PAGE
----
As a pre-teen I gobbled up Nancy Drew mysteries by the handful, borrowing them from friends and the library, and purchasing new titles when I had the money. I still have my collection of Nancy Drew titles, and to this day my favorite is THE BLUEBEARD ROOM—possibly because it was the first I purchased, but also because it’s set in mysterious Cornwall, England.

Readers have responded so favorably to your two main characters. What is it about the relationship between Gage and Kiera that works so well?

I think it’s because in so many ways they are polar opposites, but at their very core they are searching for the same things, and I think they both sense that it one another. There is something in the other that meets a need in them that they didn’t even know they had. Because of their pasts, this is difficult for them to accept, and yet those feelings are there, which makes for some interesting conflict while they struggle to work as a team to find the answers to their investigations. I think readers also enjoy the humor that naturally develops out of their differences, and their ability to continually surprise one another.

How did you capture the setting of the Scottish Highlands in the 1830s so vividly?

It certainly helped me to visit the Highlands on my trip to the UK in 2010, just to get an overall feel for the location. But I also strongly believe the most important thing about setting is the way it affects your characters, what it tells us about them. Two people can visit the same place at the same time, and each of them could describe it in completely dissimilar ways, because it touches them differently. I absolutely fell in love with the Highlands—with its wildness and melancholy and mystery. I can only describe it as a feeling of coming home, as if my soul knew that land even if my mind didn’t. However, for my husband it was just another pretty, interesting place.

Kiera feels that same love for it, and yet she senses its hidden danger as well. The isolation.The uncertainty. That aspect hasn’t completely left it even though it’s easier to travel from place to place than it was in 1830.

I imagine researching anatomy could be a gruesome process; what was that like?

Much of my research has been done reading books, trying to figure out just what a great anatomist like Sir Anthony Darby, Kiera’s late husband, would have known, and what he could have passed on in knowledge to his wife. This is not always an easy call to make, so I often have to rely on reason and logic. I was also fortunate enough to visit the Surgeons’ Hall Museums at The Royal College of Surgeons of Edinburgh. They have fascinating exhibits, many applicable to the era I write in.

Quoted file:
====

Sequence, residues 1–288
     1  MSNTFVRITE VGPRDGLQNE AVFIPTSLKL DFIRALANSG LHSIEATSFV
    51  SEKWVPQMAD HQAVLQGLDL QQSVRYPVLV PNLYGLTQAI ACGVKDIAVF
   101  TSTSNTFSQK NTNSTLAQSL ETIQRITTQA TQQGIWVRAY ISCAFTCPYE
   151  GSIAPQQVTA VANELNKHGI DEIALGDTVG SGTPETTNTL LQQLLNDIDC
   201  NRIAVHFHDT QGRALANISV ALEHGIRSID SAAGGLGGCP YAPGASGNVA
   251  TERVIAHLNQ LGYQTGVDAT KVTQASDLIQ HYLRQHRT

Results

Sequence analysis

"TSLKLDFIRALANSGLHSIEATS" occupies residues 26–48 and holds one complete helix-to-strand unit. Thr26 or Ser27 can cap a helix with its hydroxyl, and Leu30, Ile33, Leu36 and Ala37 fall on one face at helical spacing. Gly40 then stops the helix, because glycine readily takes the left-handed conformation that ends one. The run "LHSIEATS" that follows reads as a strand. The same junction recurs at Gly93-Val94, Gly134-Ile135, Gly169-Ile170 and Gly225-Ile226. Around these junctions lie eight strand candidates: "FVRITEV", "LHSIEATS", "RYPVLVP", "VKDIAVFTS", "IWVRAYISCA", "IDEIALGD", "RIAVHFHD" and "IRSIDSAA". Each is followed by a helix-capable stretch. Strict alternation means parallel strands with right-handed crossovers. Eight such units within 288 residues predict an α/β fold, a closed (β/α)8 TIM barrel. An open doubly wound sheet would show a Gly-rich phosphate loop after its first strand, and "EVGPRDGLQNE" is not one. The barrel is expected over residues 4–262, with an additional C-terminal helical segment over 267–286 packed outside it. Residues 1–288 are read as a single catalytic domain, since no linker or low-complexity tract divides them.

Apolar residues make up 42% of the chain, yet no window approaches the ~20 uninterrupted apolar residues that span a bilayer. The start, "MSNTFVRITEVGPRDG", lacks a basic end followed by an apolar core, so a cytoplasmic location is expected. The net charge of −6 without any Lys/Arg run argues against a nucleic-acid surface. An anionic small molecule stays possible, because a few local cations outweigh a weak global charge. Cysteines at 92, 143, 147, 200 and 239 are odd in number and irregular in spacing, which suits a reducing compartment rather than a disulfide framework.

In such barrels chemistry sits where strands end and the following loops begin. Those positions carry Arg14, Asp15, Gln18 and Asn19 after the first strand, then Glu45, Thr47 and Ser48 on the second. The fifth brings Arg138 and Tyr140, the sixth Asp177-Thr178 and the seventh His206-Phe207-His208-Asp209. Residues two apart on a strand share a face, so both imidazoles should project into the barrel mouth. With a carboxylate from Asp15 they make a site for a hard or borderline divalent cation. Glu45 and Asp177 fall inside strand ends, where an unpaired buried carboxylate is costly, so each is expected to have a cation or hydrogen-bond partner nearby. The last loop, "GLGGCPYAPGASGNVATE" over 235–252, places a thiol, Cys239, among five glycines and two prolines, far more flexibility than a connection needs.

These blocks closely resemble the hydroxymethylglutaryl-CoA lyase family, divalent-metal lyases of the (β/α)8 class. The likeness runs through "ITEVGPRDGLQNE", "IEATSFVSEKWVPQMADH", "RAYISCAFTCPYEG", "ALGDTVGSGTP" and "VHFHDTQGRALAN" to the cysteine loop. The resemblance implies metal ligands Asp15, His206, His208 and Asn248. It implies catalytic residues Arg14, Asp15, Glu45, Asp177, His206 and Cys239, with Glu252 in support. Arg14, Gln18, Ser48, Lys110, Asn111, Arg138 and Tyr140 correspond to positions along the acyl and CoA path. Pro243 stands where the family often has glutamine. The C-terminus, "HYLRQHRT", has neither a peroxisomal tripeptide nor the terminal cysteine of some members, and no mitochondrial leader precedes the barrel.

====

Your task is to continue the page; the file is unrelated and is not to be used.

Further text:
In general, I think that modern readers are far more desensitized to the gruesomeness. After watching TV series like BONES and CSI and any of the dozen more crime shows that feature dead bodies and autopsies, it’s not as easy to be shocked. I have to remember to put myself in the shoes of an early-nineteenth-century sheltered lady, who before her husband’s enforced tutelage had not been exposed to anything remotely so grisly. For me the trick is always transposing the knowledge I hold into the mind and viewpoint of Kiera, my 1830’s upper-class heroine.

Do you recommend reading the first book in the series,THE ANATOMIST’S WIFE, or can this book be read on its own without confusing the reader?

I think MORTAL ARTS can certainly be read and enjoyed as a stand-alone without any confusion, though I do think the reader will miss some of the depth and richness of the journey if they are not familiar with the events in THE ANATOMIST’S WIFE. Each book’s character development builds on the one before it, so that in the midst of these mysteries, we’re also witnessing Kiera and Gage’s growth, separately and as a couple.

What can we expect from book three in the series and when will that be out?

A GRAVE MATTER, Lady Darby Book 3 is scheduled to be released in July 2014. It takes up the story a few months after the events of MORTAL ARTS, on the eve of Hogmanay. When an old grave in the ruins of Dryburgh Abbey is disturbed and the caretaker murdered, Kiera and Gage are asked to investigate. Is this an isolated incident, or part of a larger, more sinister plot that stretches across Scotland?

 *****

anna_lee_huberAnna Lee Huber is the author of the award-winning Lady Darby historical mystery series. Her debut, THE ANATOMIST’S WIFE, has been nominated for numerous awards, including two 2013 RITA® Awards and a 2013 Daphne du Maurier Award. Her second novel, MORTAL ARTS, releases September 3rd. She was born and raised in a small town in Ohio, and graduated from Lipscomb University in Nashville, TN with a degree in music and a minor in psychology. She currently lives in Indiana, and enjoys reading, singing, traveling and spending time with her family.

To learn more about Anna Lee Huber, please visit her website.